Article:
Jesus not only challenges His followers to be the most basic, yet essential, elements of life, but He pronounces them as having already arrived at the lofty position. In today’s world, the high praise of Jesus wouldn’t be nearly as coveted as it would have been to the early followers of Jesus. We would much rather prefer to have Jesus say, “Mike, you are the CEO and Chairman of the Board of the world!” Jesus was on a mission and His mission was to bring light into a dark world, to flavor a tasteless planet. Jesus’ mission would be worldwide and His mantle would be passed to the women and men who chose to devote themselves to Him.

Salt and light. Invaluable, yet not valued by most of the people who enjoy their benefits daily. To those who heard the words of Jesus the announcement came as a shock to their system. Jesus stood on the hillside and smiles as He openly confessed His high opinion of His followers. He described them as being “the salt of the earth” and “the light of the world.” What a profound proclamation!

To tell the truth, those first followers of Jesus were a motley crew. Some of them were fishermen – smelly, rough talking, straggly-looking fishermen. Some of them were women with a bad reputation. He had some followers who were tax collectors and as far as Jews were concerned tax collectors were cheats and crooks. They were considered “unclean” – untouchables. Some of Jesus’ followers were political fanatics called Zealots. The Zealots were Jews who refused to pay tribute to the pagan Roman Emperor and in 74 A.D. found themselves hemmed into a corner on top of Mount Masada. The Zealots had retreated there from the Romans who decided to pursue and kill them. Before the Romans arrived, the 970 people locked inside the mountaintop fortress committed suicide.

The vast majority of Jesus’ followers were just common, ordinary folks – folks from all walks of life and from all segments of society. They were young and old, rich and poor, male and female. Precious few of them were well-known, and almost all of them were uneducated and untrained for the mission to which they were being called. It was a mission of love and hope that would reach the end of the earth. To these uneducated and untrained followers Jesus said, “You are the salt of the earth and the light of the world!”

Jesus’ words not only apply to Peter, James, Joanna, and Martha, but they apply to you as well. They apply to all of us who are seeking to follow Him, who have made Him “Lord” of our lives. Jesus thinks highly of you, of your purpose in life, and the possibilities that lie before you. He has given you a mission.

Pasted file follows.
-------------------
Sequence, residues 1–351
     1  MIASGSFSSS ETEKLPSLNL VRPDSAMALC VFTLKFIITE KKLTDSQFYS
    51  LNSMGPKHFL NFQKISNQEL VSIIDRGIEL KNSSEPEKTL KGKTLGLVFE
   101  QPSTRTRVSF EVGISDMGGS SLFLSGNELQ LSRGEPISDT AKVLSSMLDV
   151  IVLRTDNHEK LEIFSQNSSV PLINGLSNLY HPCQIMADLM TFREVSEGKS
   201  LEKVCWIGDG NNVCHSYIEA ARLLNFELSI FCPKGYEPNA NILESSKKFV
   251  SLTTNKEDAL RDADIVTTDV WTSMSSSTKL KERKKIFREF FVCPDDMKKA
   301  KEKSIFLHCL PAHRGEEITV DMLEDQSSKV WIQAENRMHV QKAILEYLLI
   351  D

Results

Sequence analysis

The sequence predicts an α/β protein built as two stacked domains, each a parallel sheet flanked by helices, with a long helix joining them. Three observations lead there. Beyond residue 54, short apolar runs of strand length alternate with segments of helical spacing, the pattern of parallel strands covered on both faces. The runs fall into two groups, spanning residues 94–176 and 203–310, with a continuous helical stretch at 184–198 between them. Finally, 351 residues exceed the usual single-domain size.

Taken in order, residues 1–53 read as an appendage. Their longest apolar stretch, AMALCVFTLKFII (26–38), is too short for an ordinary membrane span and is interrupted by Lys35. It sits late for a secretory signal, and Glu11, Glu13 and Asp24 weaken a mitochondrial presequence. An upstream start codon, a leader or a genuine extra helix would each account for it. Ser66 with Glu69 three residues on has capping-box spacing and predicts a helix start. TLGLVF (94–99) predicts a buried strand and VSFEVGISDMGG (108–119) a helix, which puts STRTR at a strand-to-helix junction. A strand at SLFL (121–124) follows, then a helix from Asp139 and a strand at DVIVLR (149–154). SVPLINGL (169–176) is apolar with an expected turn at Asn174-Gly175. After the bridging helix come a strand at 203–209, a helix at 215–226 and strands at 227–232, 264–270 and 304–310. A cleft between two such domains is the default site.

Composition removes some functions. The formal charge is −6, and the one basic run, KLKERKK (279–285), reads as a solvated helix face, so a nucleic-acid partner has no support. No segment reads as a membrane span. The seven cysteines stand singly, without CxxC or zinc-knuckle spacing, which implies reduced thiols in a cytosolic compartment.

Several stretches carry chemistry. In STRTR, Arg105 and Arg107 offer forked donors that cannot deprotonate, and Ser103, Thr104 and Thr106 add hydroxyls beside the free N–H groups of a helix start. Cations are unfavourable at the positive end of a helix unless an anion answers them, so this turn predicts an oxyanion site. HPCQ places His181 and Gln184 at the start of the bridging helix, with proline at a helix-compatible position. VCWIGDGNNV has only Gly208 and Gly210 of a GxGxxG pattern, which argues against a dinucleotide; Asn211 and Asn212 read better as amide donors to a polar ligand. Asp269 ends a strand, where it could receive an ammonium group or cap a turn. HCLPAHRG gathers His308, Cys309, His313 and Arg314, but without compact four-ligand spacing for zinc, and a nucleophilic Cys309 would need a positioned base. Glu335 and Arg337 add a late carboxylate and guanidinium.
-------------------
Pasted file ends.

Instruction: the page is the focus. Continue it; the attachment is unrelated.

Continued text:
I know, there are some of us here this morning who are hearing the challenge of Jesus and thinking to yourself, “I appreciate the offer, but my boat is full. I have a family, a demanding job, and more responsibilities than I can manage. My mission is to make it through another day, pay my bills, and maintain my sanity.” I understand. On my voyage each day, along the channel of life, I rarely see a boat that isn’t full. Many of the boats I see are sending out an “S.O.S.” There are many other people here this morning who are intrigued by the word of Jesus. “The mission” sounds appealing, but so does being an astronaut or a surgeon. Many opportunities sound appealing from a distance but details tend to give us a clearer picture of what is required of us. We like the idea of being part of a worldwide mission of hope, mercy, and love, but we need to know the details.

For the next few minutes I want us to examine the role of salt and light in God’s world. From the earliest recorded history salt has been a prized possession both for its preventative purposes and its positive flavoring capacity. Salt has been used across the course of history in a number of preventative ways. One of the functions of salt was to inhibit bacterial growth in meat. The presence of salt would prevent meat from spoiling, by hindering the growth of unwanted bacteria. Another use of salt is recorded in a book studied by Jewish priests, the Mishnah. According to the Mishnah, in the winter, in the temple of Jerusalem, the priests used to throw salt on the steps leading up to the altar of sacrifice, to prevent the priests from slipping as they performed their duties. We use salt in a similar way on our sidewalks, driveways, and streets even today. One final way salt was used in a preventative way was to place a small lump of salt on an aching tooth to kill the pain.